Superglue works by forming a strong bond when exposed to moisture. When the adhesive comes into contact with water molecules present on the surface of materials being bonded, a chemical reaction occurs. The reaction causes the liquid adhesive to solidify into a hard, durable bond.

The bond formed by superglue is very strong. It can hold up to 3,000 pounds per square inch, making it one of the strongest adhesives available. The fast-drying formula of superglue also makes it very popular in DIY projects, as it dries within seconds of application.

Uses of Superglue

Superglue is used in a variety of applications, from repairing broken items around the house to sealing incisions in surgery. It is commonly used in automotive repairs, particularly in sealing leaks in engines and transmissions. It can also be used to bond a wide range of materials, including glass, metal, rubber, and plastic.

In addition to its uses in the automotive and medical industries, superglue is popular in crafting and DIY projects. It can be used to create jewelry, repair ceramic items, and even to make fly fishing lures.


While superglue is a helpful adhesive, it should be used with caution. The formula is very strong and can bond skin and clothing together, resulting in painful removal. If you accidentally get superglue on your skin, it can be removed using acetone or nail polish remover.

Additionally, superglue should be kept away from eyes, mouth, and skin. Inhalation of the fumes can cause irritation to the respiratory system. If swallowed, seek immediate medical attention.

Overall, superglue is a versatile adhesive that has been widely used for decades. Its strength and fast-drying formula make it a popular choice for DIY enthusiasts and professionals alike.

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The Impact of Superglue on Society

New Possibilities for DIY Repairs

Superglue, also known as cyanoacrylate adhesive, was invented in 1942 by Harry Coover during his research on clear plastic gun sights for the military. However, its commercial value was not realized until years later when it was marketed as a strong and fast-drying adhesive for a variety of materials.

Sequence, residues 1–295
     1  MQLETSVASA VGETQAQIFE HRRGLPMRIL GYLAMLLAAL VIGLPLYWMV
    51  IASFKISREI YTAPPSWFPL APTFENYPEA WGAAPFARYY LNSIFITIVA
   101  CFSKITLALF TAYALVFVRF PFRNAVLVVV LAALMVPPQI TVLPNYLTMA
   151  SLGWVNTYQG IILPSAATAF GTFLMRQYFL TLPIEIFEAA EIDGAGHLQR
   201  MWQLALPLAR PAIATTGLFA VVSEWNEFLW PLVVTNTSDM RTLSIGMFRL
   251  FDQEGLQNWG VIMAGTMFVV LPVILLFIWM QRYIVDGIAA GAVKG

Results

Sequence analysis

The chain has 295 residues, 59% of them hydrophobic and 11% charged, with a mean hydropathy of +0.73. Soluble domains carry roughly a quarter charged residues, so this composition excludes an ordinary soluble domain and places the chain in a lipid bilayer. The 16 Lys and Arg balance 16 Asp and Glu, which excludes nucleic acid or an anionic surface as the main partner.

One of the major impacts of superglue on society is its ability to make DIY repairs easier and more affordable. With the use of superglue, people can fix items at home instead of having to pay for expensive professional services. A small drop of superglue can bond materials like plastic, metal, and wood together in seconds, which can save time and money in the long run. Small cracks in car parts, broken toys, jewelry, and other household items can be easily fixed by anyone at home with a bottle of superglue. This has empowered people to take control of their repairs and boosted confidence in their ability to fix things on their own.

Advancements in Medical Procedures

Superglue's strong bonding properties have also been useful in the medical industry in reducing the need for traditional stitches and making certain procedures less invasive. Medical professionals have discovered that a drop of superglue can seal small wounds together and promote quick healing. This method, known as cyanoacrylate tissue adhesive, can be used in place of stitches for small cuts and incisions, and is more comfortable for patients.

Moreover, superglue has also been beneficial in emergency medical situations where stitches are not viable. It has been used in field conditions or in situations where access to a hospital may be difficult. The fast-drying adhesive qualities of superglue have been able to help stop bleeding in open wounds and provide a temporary seal until the patient can be admitted to a hospital.

Environmental Concerns

Despite its many benefits, the use of superglue has raised concerns over its impact on the environment. Superglue can be difficult to dispose of and can harm wildlife if not properly disposed of. The adhesive can stick to surfaces and tools, making them unusable and causing waste. It is important to follow proper disposal protocol and avoid throwing it in the trash or flushing it down the drain as it can harm water systems and wildlife. Disposing of superglue in a designated hazardous waste collection center or facility is the best way to ensure its proper disposal and prevent environmental damage.